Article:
Project - Tsavo Elephant Trust Bee Fence
|Tsavo Elephant Trust Bee Fence|
Read the Tsavo article on our partipation in the bee hive project.
Read about the ups and downs of the first year report on how the fence worked and the issues encountered.
See the success of the first half of the bee line installation: mid year report.
The Beehive Fence project uses the behavioral discovery by The Elephants and Bees Project that African elephants will avoid honey bees. Tsavo Trust (a) deploys their successful Beehive Fence design to reduce conflict between crop-raiding elephants and small rural farms, and (b) provides beekeeping and pollination services as an income generator for poor farming families through the sale of Elephant-Friendly Honey. The Elephants and Bees Project is conducted under the umbrella of the research charity Save the Elephants (STE) in association with the University of Oxford and Disney's Animal Kingdom and in full partnership with Kenya Wildlife Service (KWS). To date 13 countries are now trying bees as a natural deterrent for crop-raiding elephants in both Africa and Asia. This is a highly impressive yet simple concept that could be a game changer in the lives of the Kamungi Community. It is interesting as the elephants who like to crop-raid in the area do so during the day and are not deterred by humans. These elephants are at high risk of being injured or killed by villagers and visa-versa.
The outcomes Tsavo Trust hope to achieve are:
- To reduce elephant crop-raiding in Kamungi Conservancy as a result of the fences
- To generate a secondary income from the production of "elephant-friendly honey"
- To improve human tolerance towards elephants in the concession
- To substantially improve the yield from protected crops as well as improved quality of production
- To reduce the number of elephants and people wounded or killed as a result of 'home made' deterrents such as throwing rocks, arrows and spears.
Tsavo Trust in collaboration with Dr. Lucy King have recently successfully implemented a pilot project of installing Beehive Fences around three one acre farms in the Kamungi Conservancy bordering Tsavo East National Park. The monitoring and evaluation results are exceeding expectations and community enthusiasm is high and many more farmers have requested to have Beehive Fences installed on their land.
The first step will be to order the required number of beehives — 15 beehives per farm — which will take up to three weeks to be constructed. In the meantime, the community will be mobilized to start collecting the posts to construct the beehive fences. Around 60 9ft posts are required for the 1 acre fence to hang 15 beehives and 15 'dummy' hives. The fence posts will be made from Commiphora trees, which grow in abundance in the area. The trees once cut and allowed to rest will easily regrow (once planted) into new trees providing shade and protection over the beehives. Once all equipment is in place, Dr. Lucy King will send her professional team to train and assist the farmer in the construction of the fence. It should take no longer than one week to complete the training and build the entire fence around the farm. We anticipate spending a further week installing the gutters and rainwater collection system at the farm. In summary, step 1 will be approximately two months. The honey is usually ready for harvest in late spring.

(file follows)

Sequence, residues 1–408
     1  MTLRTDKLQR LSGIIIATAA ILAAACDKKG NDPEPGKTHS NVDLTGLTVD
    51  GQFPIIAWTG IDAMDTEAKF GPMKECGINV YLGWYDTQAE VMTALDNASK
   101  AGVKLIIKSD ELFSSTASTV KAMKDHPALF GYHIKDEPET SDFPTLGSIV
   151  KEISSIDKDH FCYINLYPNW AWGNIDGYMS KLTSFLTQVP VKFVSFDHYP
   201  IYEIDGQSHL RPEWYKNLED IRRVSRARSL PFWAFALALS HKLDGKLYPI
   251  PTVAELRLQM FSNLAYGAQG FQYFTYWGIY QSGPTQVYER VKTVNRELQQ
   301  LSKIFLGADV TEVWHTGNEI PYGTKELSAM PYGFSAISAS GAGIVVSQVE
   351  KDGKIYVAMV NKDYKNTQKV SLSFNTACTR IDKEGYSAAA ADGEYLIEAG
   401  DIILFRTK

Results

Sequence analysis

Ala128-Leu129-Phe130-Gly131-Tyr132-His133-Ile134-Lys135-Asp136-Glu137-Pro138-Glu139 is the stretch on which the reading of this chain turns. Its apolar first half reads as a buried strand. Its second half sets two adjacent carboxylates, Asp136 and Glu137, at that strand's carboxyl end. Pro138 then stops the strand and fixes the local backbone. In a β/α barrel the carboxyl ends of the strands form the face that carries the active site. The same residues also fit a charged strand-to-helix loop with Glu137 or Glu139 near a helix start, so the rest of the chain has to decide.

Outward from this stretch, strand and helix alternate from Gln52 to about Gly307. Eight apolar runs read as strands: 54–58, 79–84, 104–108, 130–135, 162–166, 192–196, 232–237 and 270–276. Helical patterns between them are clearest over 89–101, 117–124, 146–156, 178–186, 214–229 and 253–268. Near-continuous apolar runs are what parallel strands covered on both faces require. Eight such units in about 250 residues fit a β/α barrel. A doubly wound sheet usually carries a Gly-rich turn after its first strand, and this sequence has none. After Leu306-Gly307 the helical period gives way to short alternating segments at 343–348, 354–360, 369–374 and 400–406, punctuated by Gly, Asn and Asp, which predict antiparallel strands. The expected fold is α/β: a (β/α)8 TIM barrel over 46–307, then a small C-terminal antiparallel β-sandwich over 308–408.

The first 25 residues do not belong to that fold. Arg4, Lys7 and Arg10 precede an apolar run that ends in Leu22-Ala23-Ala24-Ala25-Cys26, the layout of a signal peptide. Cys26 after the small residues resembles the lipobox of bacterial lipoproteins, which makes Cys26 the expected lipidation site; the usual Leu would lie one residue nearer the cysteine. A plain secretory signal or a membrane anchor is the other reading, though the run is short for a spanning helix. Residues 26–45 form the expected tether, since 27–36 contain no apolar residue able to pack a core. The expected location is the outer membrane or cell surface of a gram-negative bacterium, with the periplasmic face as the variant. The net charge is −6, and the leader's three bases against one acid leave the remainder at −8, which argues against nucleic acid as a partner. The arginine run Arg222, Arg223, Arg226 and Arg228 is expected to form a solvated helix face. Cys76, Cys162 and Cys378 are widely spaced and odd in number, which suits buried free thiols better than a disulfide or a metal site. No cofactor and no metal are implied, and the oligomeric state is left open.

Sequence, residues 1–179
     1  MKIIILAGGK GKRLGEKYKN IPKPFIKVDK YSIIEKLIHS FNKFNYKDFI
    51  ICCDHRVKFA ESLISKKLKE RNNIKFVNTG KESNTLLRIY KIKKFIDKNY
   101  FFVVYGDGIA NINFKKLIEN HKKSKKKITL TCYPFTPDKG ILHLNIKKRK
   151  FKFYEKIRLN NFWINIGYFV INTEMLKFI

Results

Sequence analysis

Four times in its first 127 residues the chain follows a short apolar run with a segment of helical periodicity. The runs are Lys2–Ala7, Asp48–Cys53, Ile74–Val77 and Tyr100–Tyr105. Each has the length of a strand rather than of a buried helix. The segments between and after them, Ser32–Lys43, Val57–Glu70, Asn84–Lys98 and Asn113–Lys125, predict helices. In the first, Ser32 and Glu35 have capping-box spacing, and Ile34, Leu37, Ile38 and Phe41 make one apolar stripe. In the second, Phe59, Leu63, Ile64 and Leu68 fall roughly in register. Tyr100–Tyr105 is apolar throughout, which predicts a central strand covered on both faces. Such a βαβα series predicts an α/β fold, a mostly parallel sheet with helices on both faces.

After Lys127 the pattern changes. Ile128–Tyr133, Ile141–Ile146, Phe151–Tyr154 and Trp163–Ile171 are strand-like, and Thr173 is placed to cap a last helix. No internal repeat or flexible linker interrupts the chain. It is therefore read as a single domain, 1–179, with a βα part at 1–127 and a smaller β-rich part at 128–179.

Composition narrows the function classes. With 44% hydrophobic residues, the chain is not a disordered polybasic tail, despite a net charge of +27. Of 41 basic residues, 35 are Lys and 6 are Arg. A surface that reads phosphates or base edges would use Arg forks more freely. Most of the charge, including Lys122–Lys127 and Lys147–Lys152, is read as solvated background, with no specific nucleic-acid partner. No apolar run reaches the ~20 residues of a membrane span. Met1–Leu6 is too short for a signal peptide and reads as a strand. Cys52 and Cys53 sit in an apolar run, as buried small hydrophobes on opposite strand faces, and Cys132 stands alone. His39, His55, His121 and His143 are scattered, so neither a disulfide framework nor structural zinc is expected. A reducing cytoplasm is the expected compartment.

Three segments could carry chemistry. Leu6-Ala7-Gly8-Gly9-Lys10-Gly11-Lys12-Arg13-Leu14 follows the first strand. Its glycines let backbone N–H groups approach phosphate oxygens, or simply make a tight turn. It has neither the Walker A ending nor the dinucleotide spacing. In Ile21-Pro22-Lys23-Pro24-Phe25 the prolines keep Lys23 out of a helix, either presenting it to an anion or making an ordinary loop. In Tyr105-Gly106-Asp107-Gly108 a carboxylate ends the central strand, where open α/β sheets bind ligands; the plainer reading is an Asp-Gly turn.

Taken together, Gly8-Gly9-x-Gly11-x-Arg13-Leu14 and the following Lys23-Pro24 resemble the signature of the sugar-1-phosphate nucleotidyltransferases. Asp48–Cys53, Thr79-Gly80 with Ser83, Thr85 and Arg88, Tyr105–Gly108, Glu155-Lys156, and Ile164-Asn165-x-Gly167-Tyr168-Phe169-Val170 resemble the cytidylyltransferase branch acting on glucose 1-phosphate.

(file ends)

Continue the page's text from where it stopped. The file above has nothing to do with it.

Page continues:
The project is expected to boost the local economy and generate additional business for villagers through
the eventual sale of 'Elephant-Friendly Honey'. This will not only go towards an alternative lifestyle project, it will also provide villagers with a sense of ownership and pride and ultimately allow them to manage and be fully active themselves in this initiative.
Dr. Lucy King and her team will revisit the farm at the end of the season when the hives are ready for harvest and will provide training for the farmer on how to obtain the best yield and to do so safely. Once there is a sufficient supply, Tsavo Trust will then purchase the honey off the villagers using professional processing equipment will then prepare the high quality organic honey products, jar and market it as 'Elephant Friendly' as standardized by STE's Elephants and Bees Project. Proceeds will be recycled back into the community.
In summary, this project is expected to boost the local economy and generate additional business for villagers through the eventual sale of 'Elephant-Friendly Honey' as well as provide an increased level of protection against crop-raiding elephants who can easily devour one or more families precious crop and entire seasonal provisions in just one night. The anticipation is that this project will help increase tolerance and co-existence between elephants and the Kamungi Conservancy farmers and greatly reduce Human Elephant Conflict (HEC) in the area.